HEDGE FUNDS ADD TO GAINS IN NOVEMBER - 12/18/01

The Average U.S. Hedge Fund gained 2.5% net in November. For the year to date, the Average U.S. Hedge Fund has posted a 4.5% net gain while the Average Offshore Hedge Fund, which earned 1.9% net in November, has risen 5.9% net for the year to date. Despite significant gains in November, stocks have not fared nearly as well, on average, as hedge funds in 2001. The Dow lost ?7.1% over the first eleven months of the year, while year-to-date losses for the S&P 500 and the NASDAQ stood at ?12.7% and ?21.6%, respectively. Hedge fund performance also compares favorably with the Average Equity Mutual Fund, which has underperformed the Average U.S. Hedge Fund by 19 percentage points for the year to date through November.
Hedge fund managers produced widespread gains last month, with over 75% of those reporting showing positive November returns. As expected, their performance was generally not as strong as that of the major equity indexes due to their hedged portfolios and many managers? misgivings about the durability of the fall rally. However, hedge funds? ability to short the market has certainly been a major contributor to their success so far this year, allowing them to make money as most traditional investments have faltered.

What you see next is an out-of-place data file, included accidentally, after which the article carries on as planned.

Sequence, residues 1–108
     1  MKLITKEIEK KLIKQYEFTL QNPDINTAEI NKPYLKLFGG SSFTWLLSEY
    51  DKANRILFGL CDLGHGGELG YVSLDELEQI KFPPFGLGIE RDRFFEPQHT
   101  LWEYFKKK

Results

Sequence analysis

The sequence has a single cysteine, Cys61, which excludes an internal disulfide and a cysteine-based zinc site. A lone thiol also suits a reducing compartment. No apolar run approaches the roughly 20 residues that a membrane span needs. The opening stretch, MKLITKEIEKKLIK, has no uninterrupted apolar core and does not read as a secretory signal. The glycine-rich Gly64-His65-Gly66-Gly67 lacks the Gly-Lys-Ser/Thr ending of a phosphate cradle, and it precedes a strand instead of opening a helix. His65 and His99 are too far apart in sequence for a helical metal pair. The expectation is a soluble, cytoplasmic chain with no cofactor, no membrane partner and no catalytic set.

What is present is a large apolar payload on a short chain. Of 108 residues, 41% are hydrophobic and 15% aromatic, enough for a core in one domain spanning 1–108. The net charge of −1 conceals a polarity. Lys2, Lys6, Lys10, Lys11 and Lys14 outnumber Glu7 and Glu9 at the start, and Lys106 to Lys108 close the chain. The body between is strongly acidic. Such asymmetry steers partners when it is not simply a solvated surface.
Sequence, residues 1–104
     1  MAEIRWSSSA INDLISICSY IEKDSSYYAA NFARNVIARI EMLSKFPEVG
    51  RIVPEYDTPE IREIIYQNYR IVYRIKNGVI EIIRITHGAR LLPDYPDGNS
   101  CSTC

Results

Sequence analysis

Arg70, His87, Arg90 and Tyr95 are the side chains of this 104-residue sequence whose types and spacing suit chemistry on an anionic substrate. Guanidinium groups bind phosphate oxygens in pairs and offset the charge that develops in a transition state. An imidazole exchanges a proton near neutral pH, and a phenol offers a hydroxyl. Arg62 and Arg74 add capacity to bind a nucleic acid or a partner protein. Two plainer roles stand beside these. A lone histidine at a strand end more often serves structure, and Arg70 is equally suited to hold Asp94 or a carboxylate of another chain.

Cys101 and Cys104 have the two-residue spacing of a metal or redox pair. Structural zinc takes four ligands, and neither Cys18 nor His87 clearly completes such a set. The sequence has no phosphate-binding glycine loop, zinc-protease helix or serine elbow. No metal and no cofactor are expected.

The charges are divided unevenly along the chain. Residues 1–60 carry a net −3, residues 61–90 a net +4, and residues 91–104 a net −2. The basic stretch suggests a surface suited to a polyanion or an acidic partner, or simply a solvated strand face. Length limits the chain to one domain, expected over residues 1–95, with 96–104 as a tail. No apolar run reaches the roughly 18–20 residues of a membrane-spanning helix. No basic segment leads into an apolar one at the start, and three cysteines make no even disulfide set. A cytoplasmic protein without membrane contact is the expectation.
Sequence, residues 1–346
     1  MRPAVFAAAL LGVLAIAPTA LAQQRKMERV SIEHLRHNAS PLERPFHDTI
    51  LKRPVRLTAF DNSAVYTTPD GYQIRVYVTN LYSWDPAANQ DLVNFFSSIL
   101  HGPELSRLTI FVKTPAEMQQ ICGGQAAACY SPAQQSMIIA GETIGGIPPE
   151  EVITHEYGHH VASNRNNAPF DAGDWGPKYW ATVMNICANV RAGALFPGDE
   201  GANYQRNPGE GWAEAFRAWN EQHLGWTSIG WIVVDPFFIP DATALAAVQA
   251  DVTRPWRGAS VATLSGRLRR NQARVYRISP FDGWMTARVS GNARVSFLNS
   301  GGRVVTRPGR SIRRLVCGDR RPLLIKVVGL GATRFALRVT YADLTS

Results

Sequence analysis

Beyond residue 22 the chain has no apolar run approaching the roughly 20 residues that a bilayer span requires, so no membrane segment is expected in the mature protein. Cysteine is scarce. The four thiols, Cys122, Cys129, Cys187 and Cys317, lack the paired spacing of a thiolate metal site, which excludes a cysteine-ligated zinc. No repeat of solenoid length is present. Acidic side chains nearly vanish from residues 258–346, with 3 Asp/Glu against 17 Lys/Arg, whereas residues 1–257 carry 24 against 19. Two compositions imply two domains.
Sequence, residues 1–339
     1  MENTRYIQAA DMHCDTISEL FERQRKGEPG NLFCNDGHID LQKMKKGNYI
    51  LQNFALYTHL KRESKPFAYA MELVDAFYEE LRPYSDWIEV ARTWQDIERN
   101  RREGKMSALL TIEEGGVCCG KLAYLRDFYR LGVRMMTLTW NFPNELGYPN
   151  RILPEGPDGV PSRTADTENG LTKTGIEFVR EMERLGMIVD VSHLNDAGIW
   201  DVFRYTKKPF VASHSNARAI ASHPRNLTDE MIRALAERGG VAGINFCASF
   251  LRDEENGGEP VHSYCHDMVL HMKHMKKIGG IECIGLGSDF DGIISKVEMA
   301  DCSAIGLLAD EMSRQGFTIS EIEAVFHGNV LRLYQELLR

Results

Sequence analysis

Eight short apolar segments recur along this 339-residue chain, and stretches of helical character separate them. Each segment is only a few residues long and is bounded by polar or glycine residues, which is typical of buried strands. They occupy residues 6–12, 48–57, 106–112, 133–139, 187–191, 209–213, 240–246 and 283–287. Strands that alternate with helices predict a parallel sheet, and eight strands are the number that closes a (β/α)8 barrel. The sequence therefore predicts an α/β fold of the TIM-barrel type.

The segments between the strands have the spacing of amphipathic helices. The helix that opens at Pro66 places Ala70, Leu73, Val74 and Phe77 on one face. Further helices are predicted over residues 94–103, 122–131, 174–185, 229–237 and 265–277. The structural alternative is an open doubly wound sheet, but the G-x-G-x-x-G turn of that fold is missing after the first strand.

Offshore Emerging Market funds did especially well in November, averaging an 8.7% net gain. Aggressive Growth and Value funds were standouts as well, not surprising given that those funds tend to have the greatest net exposure to the U.S. equity market. Short selling was the only strategy to post a sizeable loss in November, although it has been a strong performer so far this year, gaining 11.7% net for the year to date on a global basis.
Hedge fund investors have to be pleased with their portfolios this year. Despite heavy losses among stocks and mutual funds in 2001, thirteen of the fourteen global hedge fund strategies we track are profitable for the year to date. In fact, four of them have generated double-digit gains.
It appears that 2001 will stand alongside 2000 as an example of hedge funds? ability to preserve capital in difficult markets. While an economic recovery may be in the making for 2002, the outlook remains anything but certain, given the profit warnings and layoff announcements that have dampened stocks this month. Regardless of where the market goes from here, hedge funds should continue to perform well as an asset class, thanks to their sophisticated investment strategies and flexibility in responding to changing market conditions.   
For November, the best performing strategies were Offshore Emerging Markets, U.S. Value, and U.S. Aggressive Growth, which had net returns of 8.7%, 4.9% and 4.1%, respectively. For the year to date through November 2001, U.S. Distressed Securities funds led with an average 15.2% net return. Offshore Distressed Securities and Offshore Short Selling strategies followed, with year-to-date net gains of 14.5% and 14.3%, respectively.
Source: Van Hedge Funde Advisors.